QUESTIONS are being asked about the way the city employs consultants after it emerged that one “fixer” was paid more than £1m in five years to salvage council projects gone wrong.
Hg Consulting, the firm of troubleshooter Colin Smith, 59, has netted £1.08m for work on troubled city schemes including the tram project, Leith Walk improvements and the Water of Leith flood defences.
And repeatedly coming to the city’s rescue following high-profile and expensive blunders has won Mr Smith, described by insiders as ‘Sue Bruce’s fixer’, the reputation of the council’s own Winston “The Wolf” Wolfe – the Pulp Fiction character played by Harvey Keitel with a reputation for cleaning up impossible problems.
Mr Smith, who trained as a quantity surveyor is credited with helping save the tram project when it was in dire straits, playing the key role in setting up last-ditch talks between the council and contractors Bilfinger Berger at the Mar Hall Hotel that restarted stalled construction work and began rebuilding trust between the warring factions.
Figures revealed by a freedom of information request show that Hg Consulting was paid £928,752 for work on the tram project, £42,003 for the Water of Leith flood defences, and £13,950 for Leith Walk improvements.
Most of these payments were not disclosed on the council’s own register of contracts – and now concerned councillors are pledging to raise the issue at the next governance committee meeting. However, there is no evidence of wrongdoing and the council insisted it has followed procurement rules.
How did he come to the council? How does it ensure he’s the best person for the job?Council insider
The firm is also set to pick up another £100,000 for liaising between developers behind the £850m Edinburgh St James project and the council.
The work was all carried out in the five years since Sue Bruce’s appointment as chief executive of the council.
Those who have worked with Mr Smith describe him as “effective” with “considerable ability and resources”. Little else is known about him, for whom no confirmed photograph exists, or his firm, which has next to no web profile.
A council source said: “There’s no website for it, there’s not a lot of public information about it – I think that’s slightly odd given the scale of the work that he’s been doing.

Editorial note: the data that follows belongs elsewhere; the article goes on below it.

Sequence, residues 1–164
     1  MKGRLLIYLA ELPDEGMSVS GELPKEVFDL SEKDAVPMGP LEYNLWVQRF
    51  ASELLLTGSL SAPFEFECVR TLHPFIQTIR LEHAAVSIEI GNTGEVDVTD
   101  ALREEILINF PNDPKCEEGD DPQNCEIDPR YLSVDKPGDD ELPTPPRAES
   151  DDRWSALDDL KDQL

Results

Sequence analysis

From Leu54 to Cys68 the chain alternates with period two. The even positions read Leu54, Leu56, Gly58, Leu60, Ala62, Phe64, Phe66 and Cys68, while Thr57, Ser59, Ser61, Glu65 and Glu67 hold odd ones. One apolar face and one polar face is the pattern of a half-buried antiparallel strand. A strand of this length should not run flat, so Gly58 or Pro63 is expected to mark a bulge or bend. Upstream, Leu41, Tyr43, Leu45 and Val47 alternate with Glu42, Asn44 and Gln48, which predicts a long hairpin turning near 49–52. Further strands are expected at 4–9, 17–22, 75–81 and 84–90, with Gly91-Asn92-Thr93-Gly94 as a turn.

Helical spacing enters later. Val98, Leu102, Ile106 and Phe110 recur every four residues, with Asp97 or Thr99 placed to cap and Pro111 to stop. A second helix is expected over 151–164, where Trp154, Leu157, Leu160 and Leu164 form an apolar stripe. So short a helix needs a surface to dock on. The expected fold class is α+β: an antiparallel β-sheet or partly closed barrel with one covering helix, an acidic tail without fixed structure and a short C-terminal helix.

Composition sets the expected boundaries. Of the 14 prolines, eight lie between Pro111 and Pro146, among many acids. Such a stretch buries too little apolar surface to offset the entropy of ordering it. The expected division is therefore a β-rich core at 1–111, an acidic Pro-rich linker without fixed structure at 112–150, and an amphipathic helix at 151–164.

“I think it’s reasonable to ask, how did he come to the council? How does it ensure he’s the best person for the job? If the city needs a project manager for a particularly complex job, it should get the right person – that doesn’t mean giving it to someone who’s found favour for previous work.”
Conservative group leader Cameron Rose praised the impact Mr Smith had on difficult problems, but said he was concerned that the council needed to bring in an external consultant to manage major projects on a regular basis. “We certainly need scrutiny of how the contracts are allocated, and I will be referring this to the governance, risk and best value committee.”
An anonymous insider who has sat in meetings with Mr Smith described him as a “grey man” who keeps a low profile but gets the job done.
The source said: “He’s not a flash, flamboyant, £1000-a-day consultant caricature. He just looks like a council employee. He doesn’t come across as culturally any different. Sometimes, when you get guys from Deloitte or KPMG, they have a different manner – both good and bad.”
Money paid to Mr Smith’s firm for his services does not include the cost of any sub-contracting, or payments such as national insurance.
A spokeswoman for Edinburgh City Council said: “Hg Consulting has made a valuable contribution to the efficient delivery of key council projects. Their appointment has complied with council governance procedures.”
The Evening News contacted Hg Consulting to seek a response from Mr Smith, but did not receive a reply.
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